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Paper Boy by (Precious) Lee Daniels deals with social injustice

For his third full-length movie, the director of the critically-acclaimed Precious (2008) has taken his inspiration from a psychological thriller written by journalist Pete Dexter. The Paperboy is
above all a reflection on human behaviour.

Before US director Lee Daniels finally brought it to the screen, the script of The Paperboy sat for a long time on Pedro Almodóvar’s bedside table. After the Spanish film-maker dropped the project, Lee Daniels picked it up and set out to rewrite the subject. "I had to take ownership of the story", he says.

The film follows the investigations of two Miami Times journalists charged with looking into
the case of a jailed alligator hunter who risks execution even though there is no conclusive evidence against him. After Precious, a portrait of an illiterate black teenager from Harlem struggling to make his way in the world, Lee Daniels again devotes himself to the theme of social injustice, and more especially to an issue that provokes fierce debate within American society: capital punishment.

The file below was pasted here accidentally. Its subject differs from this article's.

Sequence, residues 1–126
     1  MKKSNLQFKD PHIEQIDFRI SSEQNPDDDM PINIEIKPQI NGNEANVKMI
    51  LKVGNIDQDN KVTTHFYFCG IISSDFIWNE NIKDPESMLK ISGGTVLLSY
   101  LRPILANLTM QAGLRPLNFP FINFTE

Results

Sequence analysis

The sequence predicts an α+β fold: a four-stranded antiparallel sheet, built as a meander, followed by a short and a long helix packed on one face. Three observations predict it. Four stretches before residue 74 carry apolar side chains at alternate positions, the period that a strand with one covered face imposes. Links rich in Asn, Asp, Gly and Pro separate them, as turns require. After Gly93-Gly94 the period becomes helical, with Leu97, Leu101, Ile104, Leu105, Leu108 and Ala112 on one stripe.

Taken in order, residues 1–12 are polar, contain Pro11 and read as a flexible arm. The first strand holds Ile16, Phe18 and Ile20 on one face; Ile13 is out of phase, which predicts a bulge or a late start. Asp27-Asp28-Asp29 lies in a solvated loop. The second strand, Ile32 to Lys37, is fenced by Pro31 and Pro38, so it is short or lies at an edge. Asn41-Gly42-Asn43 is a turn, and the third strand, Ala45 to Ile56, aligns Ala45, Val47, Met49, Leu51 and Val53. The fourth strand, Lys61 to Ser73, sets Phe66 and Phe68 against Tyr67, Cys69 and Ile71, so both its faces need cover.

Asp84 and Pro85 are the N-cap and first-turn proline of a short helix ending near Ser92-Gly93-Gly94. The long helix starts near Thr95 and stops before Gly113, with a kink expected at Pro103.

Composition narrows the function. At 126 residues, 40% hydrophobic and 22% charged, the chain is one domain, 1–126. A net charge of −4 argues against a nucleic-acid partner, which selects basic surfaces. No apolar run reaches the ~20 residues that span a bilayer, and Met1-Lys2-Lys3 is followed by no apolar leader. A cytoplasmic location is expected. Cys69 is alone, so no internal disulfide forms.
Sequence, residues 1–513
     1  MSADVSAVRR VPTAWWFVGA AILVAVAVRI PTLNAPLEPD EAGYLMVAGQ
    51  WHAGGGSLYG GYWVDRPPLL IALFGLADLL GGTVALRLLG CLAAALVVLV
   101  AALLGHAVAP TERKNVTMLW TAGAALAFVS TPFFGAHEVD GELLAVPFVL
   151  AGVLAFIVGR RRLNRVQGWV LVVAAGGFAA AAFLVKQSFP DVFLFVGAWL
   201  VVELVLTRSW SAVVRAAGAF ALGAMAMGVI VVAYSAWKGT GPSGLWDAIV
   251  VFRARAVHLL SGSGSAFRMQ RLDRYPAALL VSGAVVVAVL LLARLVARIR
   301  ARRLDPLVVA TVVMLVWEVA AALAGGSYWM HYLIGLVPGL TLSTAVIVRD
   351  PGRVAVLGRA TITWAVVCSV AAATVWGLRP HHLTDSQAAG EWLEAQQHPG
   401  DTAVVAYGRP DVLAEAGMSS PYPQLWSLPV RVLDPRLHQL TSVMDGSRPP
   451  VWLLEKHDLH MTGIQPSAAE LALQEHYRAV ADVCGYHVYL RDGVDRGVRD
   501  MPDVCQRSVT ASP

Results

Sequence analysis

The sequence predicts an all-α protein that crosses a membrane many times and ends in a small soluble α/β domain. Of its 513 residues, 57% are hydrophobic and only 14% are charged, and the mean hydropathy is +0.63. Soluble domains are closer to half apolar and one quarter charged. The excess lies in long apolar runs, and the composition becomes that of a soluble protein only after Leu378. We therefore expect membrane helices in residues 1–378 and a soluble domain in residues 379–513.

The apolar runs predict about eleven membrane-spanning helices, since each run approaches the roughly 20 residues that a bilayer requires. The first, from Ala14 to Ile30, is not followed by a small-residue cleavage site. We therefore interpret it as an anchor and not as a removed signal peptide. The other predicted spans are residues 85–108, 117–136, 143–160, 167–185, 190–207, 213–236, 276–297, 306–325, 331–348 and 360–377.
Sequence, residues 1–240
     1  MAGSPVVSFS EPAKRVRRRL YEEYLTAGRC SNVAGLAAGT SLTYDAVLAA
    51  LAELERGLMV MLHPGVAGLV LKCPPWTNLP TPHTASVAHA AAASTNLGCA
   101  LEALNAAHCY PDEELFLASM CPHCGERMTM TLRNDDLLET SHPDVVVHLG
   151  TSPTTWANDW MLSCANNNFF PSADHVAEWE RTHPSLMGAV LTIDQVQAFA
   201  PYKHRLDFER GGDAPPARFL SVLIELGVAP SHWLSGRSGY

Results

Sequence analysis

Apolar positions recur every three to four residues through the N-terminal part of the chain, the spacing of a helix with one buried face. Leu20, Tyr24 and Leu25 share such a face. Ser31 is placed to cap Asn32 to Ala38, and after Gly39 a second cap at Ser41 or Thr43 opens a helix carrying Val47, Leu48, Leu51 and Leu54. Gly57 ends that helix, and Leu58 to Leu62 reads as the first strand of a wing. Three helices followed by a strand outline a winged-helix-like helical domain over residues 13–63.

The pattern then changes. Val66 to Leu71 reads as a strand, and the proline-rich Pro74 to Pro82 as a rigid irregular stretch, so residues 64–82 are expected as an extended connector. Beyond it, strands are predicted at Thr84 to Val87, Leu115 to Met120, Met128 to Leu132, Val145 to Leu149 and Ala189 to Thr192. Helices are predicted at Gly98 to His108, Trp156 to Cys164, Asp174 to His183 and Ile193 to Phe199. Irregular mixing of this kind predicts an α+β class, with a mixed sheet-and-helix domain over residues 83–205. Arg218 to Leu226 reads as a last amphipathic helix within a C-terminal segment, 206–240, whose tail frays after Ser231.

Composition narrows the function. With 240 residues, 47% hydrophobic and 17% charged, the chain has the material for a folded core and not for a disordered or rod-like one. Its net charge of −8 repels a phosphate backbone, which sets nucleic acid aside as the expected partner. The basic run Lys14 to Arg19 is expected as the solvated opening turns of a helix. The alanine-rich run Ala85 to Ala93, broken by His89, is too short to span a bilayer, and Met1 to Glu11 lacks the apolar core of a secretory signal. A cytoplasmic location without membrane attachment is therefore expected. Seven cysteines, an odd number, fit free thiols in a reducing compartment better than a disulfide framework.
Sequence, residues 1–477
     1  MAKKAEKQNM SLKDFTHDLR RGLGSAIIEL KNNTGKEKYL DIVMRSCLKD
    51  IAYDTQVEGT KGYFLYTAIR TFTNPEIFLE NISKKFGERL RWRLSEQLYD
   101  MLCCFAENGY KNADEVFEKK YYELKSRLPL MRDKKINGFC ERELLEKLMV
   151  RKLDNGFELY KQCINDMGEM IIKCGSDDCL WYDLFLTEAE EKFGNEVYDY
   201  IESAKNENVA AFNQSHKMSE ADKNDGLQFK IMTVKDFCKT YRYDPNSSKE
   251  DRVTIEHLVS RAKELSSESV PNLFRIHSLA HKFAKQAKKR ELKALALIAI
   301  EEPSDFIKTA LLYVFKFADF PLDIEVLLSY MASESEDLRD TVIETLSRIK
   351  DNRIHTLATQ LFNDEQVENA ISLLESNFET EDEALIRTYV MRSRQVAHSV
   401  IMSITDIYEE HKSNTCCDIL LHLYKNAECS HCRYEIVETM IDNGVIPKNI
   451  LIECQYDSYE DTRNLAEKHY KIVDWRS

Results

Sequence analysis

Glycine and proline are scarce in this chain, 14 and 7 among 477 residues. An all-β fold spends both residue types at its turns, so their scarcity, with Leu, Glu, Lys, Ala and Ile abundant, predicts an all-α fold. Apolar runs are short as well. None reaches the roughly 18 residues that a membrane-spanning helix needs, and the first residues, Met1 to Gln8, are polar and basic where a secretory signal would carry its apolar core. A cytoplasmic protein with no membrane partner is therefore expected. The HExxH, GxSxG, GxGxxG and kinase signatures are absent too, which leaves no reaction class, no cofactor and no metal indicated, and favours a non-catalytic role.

The film, shot in New Orleans, is a reflection on human behaviour in the face of prejudice. To support his case, Lee Daniels forces his characters to confront their own obsessions. "I like to make movies that push us to explore unknown territory. The Paperboy looks at a time, a place, situations and people in a way that is unprecedented on the big screen", adds Lee Daniels.

The American director says that in his screenplay he tried to be especially faithful to the passages that moved him when he read the novel. Certain scenes of torture still haunt him. "They are among the reasons that drove me to make this film", he explains. The Paperboy also marks the return of Australian actress Nicole Kidman to Cannes.



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